Homeschooling

A New Year of Poetry: Bearing My Fardels with a Bodkin

Now that we’re traveling into week 3 of school, I’m just starting to get a rhythm down.  I think in a week or so, I’ll post my new schedule for those of you who are curious.

But onto a specific question, what are we memorizing?

We began the year with Psalm 23, The Good Shepherd.  “Even though I walk through the valley of the shadow of death…”  That should give you a good look into the state of my life right now.  (Oh the agonies of buying and selling a house.  I wish it upon no one.)

I chose this Psalm to begin the year with because a.) the children already know it, b.) the children really like it, and c.) I think it’s important to start the year off with something easy and familiar.

After two weeks of that, we have moved on, however.  My eldest is now memorizing Hamlet’s famous To Be or Not To Be soliloquy.  It’s probably a little morbid for an 11-year-old, but the language is beautiful.  We had to look up a few words like quietus and bodkin and fardels*, but in all, we’ve really been enjoying it, even if we don’t understand everything Shakespeare is trying to say.  That’ll just have to come later.

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Here’s the first part.  On the next page, it goes on for another 29 lines.  I’m glad Hamlet’s conscience wins out in this speech…

The little children have returned to my favorite piece of poetry for the fall: Robert Louis Stevenson’s Autumn Fires.  It is the cutest little poem.  If you have small children, I recommend this one every single fall.  Rake yourself a big pile of leaves, play in it, then have a big bonfire and belt out Stevenson.  Here’s the ending of that little poem:

Sing a song of seasons!
Something bright in all!
Flowers in the summer,
Fires in the fall!

 

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Here are two books you might consider owning.  A Child’s Garden of Verses by Robert Louis Stevenson and The Complete Works of William Shakespeare.
*Quietus, bodkin, fardels – death, dagger, burden
Homeschooling

The Story of Civilization

Tan Publishing just released volume 3 of their Story of Civilization series.  Are you familiar with it?  No?  You’re missing out!  Mine just came in the mail a day or two ago.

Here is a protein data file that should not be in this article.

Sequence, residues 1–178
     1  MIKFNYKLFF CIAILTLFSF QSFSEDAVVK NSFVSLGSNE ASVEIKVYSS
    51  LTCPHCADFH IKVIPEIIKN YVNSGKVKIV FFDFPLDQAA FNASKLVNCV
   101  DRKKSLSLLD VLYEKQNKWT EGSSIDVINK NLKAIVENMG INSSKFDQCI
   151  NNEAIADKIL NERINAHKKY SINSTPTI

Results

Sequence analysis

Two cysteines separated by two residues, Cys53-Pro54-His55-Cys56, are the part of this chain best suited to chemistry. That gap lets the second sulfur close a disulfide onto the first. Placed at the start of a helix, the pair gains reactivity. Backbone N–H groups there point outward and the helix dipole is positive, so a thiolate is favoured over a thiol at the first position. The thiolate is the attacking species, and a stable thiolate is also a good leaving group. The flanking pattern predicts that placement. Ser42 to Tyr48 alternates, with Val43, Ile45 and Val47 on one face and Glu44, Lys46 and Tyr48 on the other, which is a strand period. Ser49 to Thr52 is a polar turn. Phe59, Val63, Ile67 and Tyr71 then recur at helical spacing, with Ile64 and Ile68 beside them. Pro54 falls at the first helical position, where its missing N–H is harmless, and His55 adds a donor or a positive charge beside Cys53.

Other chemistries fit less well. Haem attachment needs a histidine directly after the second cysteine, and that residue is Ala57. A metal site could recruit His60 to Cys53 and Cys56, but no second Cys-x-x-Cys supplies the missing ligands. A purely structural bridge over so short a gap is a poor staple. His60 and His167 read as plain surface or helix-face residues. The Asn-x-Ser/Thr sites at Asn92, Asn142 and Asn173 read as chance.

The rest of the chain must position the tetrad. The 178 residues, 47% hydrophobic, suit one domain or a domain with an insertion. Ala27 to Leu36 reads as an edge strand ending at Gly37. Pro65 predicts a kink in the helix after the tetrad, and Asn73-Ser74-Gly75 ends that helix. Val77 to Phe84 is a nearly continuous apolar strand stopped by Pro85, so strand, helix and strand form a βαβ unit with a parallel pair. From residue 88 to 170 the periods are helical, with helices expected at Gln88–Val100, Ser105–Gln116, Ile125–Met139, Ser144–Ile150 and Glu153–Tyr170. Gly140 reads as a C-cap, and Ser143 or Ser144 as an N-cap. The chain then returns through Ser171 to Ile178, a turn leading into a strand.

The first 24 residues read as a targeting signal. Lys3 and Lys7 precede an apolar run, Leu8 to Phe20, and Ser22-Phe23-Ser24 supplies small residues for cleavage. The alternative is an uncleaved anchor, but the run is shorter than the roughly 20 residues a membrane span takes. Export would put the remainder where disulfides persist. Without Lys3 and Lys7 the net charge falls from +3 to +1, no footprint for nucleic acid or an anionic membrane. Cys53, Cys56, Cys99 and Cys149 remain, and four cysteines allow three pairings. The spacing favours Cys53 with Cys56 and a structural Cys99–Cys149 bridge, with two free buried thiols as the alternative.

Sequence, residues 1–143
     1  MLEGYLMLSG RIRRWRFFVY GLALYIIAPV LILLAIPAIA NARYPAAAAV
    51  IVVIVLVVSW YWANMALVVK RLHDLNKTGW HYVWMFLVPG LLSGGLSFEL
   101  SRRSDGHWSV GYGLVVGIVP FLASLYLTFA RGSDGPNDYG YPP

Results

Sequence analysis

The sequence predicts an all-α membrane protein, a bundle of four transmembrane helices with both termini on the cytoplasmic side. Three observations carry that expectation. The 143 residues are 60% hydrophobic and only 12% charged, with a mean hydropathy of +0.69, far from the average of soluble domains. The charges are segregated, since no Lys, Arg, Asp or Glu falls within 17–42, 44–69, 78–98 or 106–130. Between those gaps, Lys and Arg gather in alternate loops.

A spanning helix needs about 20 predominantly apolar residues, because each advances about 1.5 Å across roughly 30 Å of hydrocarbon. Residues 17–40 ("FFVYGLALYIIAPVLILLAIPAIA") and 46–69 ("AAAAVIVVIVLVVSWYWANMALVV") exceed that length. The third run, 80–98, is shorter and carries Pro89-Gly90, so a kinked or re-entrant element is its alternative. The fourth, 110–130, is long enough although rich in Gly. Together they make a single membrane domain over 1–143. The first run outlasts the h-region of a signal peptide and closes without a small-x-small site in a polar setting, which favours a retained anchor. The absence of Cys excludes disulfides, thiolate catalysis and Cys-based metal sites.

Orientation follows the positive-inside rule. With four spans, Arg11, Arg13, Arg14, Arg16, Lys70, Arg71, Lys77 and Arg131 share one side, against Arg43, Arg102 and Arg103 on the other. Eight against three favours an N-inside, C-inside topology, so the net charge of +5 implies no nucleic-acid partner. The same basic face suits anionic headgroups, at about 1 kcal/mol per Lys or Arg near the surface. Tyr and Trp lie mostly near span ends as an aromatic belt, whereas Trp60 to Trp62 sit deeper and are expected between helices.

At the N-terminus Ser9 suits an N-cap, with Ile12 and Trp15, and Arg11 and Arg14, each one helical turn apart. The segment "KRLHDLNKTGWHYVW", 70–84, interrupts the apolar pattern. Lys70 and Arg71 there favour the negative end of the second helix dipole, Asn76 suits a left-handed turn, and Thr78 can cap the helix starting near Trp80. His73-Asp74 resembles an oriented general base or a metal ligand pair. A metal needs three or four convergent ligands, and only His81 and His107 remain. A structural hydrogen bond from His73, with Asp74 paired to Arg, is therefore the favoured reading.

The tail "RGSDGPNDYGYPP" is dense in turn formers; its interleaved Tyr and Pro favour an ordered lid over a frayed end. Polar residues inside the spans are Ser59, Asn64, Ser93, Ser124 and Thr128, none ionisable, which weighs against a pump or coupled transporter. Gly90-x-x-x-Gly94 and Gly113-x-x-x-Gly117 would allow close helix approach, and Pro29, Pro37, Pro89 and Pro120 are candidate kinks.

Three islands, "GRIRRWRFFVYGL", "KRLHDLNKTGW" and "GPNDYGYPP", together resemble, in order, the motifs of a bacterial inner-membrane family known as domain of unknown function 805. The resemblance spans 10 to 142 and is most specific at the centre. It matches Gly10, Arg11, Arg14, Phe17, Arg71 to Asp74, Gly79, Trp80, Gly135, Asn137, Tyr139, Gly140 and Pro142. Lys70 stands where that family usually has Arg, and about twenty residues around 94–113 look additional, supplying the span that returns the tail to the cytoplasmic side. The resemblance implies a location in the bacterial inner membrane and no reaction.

Click HERE for volume 3 at Tan, The Making of the Modern World.

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Love their pictures.

Top Ten Reasons Why You Should Own All 3 Volumes

  1. This history requires no work from me.  It’s so good, I just put the audio version from Audible* on, and the children fight over who gets to read ahead in the “textbook.”
  2. In this series, the Catholic Church isn’t ignored or misrepresented.  This is a miracle.
  3. The guy in the audio version does voices.  And he’s good at it.
  4. I wish I grew up listening to this history.  (Or reading it.)  My children are spoiled.
  5. In addition to the book with sweet pictures, I buy the Timeline.  I don’t do anything with it, other than tack it on my wall.  The children then reference it when they want.  And I feel proud because I decorated my home.
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The timeline isn’t too big, which makes it manageable.  The pictures correspond to the ones in the book.
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Close-up of the timeline.  Sorry about the quality of this photo.  It’s early in the morning, and my cup of coffee isn’t finished yet.

6.  I have a friend who buys the activity book.  She says, “I love the activity book.”
7.  My husband thinks it’s so great that he listens to it in his car to and from work.
8.  There isn’t any other history book like it.
9.  Did I mention that the Catholic Church isn’t ignored or misrepresented?  Miracle.
10.  The other two volumes are awesome too.  You should own all of them.

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Volumes 1 & 2   (Volume 4 is scheduled to come out next year and will be American History.)
*I would buy the CDs from Tan Publishing, but I’m afraid I’d lose them all.  It’s a far better option for me to own it on Audible.  Although, Audible doesn’t have volume 3 yet.  I’m hoping in the next week or two, however, they will.
Homeschooling

My Hydra-Yucca-Plant: A Tragedy

This summer we’ve been studying biology and botany.  Well, sort of.

You see, I have a yucca plant that won’t die.  In fact, it only multiplies.  So my husband and the children have been experimenting with different Killing Methods.

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Here it is.  Thriving.

Ever since we moved out here, in the country, we’ve had a yucca plant problem.  The previous owners of our place willingly (and stupidly) planted this horrible, indestructible thing.  So the first and second year we just hacked the thing off at the ground, naively hoping it would disappear in the spring.  And it did no such thing.